Background: Obstructive sleep apnea (OSA) causes negative tracheal pressure (NTP) and is associated with atrial fibrillation (AF).
Objective: This study aimed to determine the mechanism of atrial electrophysiological changes during tracheal occlusion with or without applied NTP and to evaluate the role of vagal activation, Na(+)/H(+)exchanger (NHE), and ATP-dependent potassium channels (K(ATP)).
Methods: Seventeen closed-chest pigs were anesthetized with urethane, and an endotracheal tube was placed to apply NTP (up to -100 mbar), comparable to clinically observed OSA in patients by a negative pressure device for a time period of 2 minutes. Right atrial refractory periods (AERP) and AF inducibility were measured transvenously by a monophasic action potential recording and stimulation catheter.
Results: All tracheal occlusions with and without applied NTP resulted in comparable increases in blood pressure and hypoxemia. NTP shortened AERP (157.0 ± 2.8 to 102.1 ± 6.2 ms; P <.0001) and enhanced AF inducibility during AERP measurements from 0% at baseline to 90% (P <.00001) during NTP. Release of NTP resulted in a prompt restoration of sinus rhythm, and AERP returned to normal. NTP-induced AERP shortening and AF inducibility were prevented by atropine or vagotomy. Neither the NHE blocker cariporide nor the K(ATP) channel blocker glibenclamide abolished NTP-induced AERP shortening. By contrast, tracheal occlusion without applied NTP caused comparable changes in blood gases but did not induce AERP shortening or AF inducibility.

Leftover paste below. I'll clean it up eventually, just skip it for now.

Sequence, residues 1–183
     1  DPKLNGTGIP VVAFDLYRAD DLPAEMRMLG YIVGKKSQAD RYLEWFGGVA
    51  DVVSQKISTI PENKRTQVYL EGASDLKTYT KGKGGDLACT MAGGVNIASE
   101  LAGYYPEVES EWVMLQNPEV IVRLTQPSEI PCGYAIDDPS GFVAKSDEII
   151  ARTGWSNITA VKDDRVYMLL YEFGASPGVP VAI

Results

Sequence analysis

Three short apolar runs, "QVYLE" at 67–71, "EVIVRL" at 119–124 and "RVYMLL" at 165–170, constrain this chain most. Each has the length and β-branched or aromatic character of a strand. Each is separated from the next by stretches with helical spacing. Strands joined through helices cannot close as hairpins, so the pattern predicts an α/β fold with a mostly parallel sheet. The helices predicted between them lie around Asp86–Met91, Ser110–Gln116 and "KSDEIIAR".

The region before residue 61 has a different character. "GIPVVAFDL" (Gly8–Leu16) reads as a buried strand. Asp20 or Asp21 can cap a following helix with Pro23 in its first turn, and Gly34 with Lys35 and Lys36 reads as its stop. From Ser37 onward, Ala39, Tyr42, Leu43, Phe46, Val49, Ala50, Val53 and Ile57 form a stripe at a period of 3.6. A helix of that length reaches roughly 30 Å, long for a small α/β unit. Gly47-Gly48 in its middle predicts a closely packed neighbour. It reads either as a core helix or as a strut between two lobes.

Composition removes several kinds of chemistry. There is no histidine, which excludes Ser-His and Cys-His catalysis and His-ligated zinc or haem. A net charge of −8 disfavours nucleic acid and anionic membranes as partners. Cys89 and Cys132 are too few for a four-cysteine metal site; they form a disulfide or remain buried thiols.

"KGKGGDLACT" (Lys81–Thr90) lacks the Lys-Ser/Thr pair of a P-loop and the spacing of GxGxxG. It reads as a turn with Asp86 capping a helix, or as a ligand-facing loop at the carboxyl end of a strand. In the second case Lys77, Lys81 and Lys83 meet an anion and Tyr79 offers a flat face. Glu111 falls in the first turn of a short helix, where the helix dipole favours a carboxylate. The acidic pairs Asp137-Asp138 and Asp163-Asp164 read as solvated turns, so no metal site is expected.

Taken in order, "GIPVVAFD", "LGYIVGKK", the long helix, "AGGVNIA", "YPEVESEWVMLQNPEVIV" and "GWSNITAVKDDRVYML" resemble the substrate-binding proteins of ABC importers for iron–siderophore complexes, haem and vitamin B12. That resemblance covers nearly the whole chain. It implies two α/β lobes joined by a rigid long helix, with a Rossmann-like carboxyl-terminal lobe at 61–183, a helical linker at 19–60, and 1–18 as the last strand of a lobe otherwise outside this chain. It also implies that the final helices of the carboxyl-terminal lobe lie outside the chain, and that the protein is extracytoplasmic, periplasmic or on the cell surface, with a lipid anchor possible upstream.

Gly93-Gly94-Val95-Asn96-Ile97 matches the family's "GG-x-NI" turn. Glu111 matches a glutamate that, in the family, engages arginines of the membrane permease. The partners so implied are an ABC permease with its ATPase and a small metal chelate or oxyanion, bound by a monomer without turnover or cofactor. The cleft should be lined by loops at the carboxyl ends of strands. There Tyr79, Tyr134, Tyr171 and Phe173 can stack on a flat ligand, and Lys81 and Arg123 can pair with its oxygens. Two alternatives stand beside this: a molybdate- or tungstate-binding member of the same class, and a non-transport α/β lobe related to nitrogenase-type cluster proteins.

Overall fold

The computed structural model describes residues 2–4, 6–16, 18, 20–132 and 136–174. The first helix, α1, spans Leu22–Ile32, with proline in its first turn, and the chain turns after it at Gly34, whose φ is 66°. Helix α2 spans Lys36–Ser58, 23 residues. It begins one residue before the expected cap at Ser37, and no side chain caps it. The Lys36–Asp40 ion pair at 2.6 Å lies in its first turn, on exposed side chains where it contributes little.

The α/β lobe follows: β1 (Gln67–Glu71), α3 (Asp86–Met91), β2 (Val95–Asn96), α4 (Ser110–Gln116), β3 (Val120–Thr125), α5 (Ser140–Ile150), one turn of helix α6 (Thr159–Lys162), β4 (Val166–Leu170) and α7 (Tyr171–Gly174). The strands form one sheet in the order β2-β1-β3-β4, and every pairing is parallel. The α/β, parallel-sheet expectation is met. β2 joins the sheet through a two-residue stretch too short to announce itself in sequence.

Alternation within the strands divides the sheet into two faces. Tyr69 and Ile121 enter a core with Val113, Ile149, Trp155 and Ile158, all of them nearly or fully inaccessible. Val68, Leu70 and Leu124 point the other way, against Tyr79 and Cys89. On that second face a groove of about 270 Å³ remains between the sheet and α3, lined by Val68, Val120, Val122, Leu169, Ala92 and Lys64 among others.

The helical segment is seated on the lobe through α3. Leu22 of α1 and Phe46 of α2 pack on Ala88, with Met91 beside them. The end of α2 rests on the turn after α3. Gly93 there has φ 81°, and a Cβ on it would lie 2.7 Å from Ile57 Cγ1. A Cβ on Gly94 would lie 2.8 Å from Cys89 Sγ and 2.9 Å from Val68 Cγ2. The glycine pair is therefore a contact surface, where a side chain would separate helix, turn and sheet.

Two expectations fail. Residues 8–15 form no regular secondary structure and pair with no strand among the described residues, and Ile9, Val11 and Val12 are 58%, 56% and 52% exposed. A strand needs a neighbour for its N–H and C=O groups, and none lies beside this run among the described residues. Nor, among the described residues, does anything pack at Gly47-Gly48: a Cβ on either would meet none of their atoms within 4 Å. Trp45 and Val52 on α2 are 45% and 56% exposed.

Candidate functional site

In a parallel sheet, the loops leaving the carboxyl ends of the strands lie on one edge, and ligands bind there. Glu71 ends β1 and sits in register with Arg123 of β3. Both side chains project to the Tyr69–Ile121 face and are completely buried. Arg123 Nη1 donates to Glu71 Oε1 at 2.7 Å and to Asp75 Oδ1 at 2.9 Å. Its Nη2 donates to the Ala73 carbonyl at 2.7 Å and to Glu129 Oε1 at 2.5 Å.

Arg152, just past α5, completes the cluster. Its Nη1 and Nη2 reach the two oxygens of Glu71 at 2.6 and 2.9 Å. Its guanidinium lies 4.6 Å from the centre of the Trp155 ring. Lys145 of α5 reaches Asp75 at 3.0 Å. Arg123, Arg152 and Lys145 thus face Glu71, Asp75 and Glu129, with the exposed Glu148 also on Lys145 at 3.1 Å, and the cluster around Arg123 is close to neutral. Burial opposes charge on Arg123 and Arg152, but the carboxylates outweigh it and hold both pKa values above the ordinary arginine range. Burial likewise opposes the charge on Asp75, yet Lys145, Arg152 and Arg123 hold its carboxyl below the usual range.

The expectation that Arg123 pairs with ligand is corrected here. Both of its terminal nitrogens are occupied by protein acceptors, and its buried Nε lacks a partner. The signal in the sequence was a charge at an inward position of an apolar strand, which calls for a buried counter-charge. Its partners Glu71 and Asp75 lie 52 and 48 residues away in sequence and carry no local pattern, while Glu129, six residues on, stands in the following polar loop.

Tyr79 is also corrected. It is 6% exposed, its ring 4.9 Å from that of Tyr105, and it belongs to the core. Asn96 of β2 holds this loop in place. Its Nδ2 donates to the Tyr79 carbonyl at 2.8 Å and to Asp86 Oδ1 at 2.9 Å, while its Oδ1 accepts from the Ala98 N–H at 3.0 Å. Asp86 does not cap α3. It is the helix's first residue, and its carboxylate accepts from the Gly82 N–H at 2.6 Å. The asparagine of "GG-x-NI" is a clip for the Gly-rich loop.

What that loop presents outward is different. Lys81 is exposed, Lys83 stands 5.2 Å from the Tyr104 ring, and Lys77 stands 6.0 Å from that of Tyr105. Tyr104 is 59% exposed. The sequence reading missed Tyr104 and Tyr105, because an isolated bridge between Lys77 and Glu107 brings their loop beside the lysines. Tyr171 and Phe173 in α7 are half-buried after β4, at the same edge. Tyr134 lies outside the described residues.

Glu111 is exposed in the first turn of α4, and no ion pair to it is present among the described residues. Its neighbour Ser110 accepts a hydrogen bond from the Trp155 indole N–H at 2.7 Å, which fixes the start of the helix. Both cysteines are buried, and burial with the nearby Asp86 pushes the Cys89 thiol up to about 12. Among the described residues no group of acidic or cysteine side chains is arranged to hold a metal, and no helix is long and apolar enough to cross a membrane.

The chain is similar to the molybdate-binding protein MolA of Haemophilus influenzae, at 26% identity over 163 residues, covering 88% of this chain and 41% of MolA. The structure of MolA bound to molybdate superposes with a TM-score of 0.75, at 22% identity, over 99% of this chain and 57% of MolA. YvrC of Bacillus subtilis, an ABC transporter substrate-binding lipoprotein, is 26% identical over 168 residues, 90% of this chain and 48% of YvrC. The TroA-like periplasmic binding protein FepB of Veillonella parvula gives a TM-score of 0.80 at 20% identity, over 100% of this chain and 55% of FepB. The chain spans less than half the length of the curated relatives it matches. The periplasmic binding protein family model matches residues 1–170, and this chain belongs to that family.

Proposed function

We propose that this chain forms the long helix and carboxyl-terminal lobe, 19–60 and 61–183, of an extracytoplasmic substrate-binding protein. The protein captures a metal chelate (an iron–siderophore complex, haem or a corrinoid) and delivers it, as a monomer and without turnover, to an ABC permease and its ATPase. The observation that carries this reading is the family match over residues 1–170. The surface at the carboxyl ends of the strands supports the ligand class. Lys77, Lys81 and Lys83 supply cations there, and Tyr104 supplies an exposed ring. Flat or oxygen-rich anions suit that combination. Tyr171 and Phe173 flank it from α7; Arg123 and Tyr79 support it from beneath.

Conclusion: NTP during obstructive events is a strong trigger for AF compared with changes in blood gases alone. NTP caused AERP shortening and increased susceptibility to AF mainly by enhanced vagal activation. AERP shortening was not prevented by K(ATP) channel blockade or NHE blockade.
Copyright © 2011 Heart Rhythm Society. Published by Elsevier Inc. All rights reserved.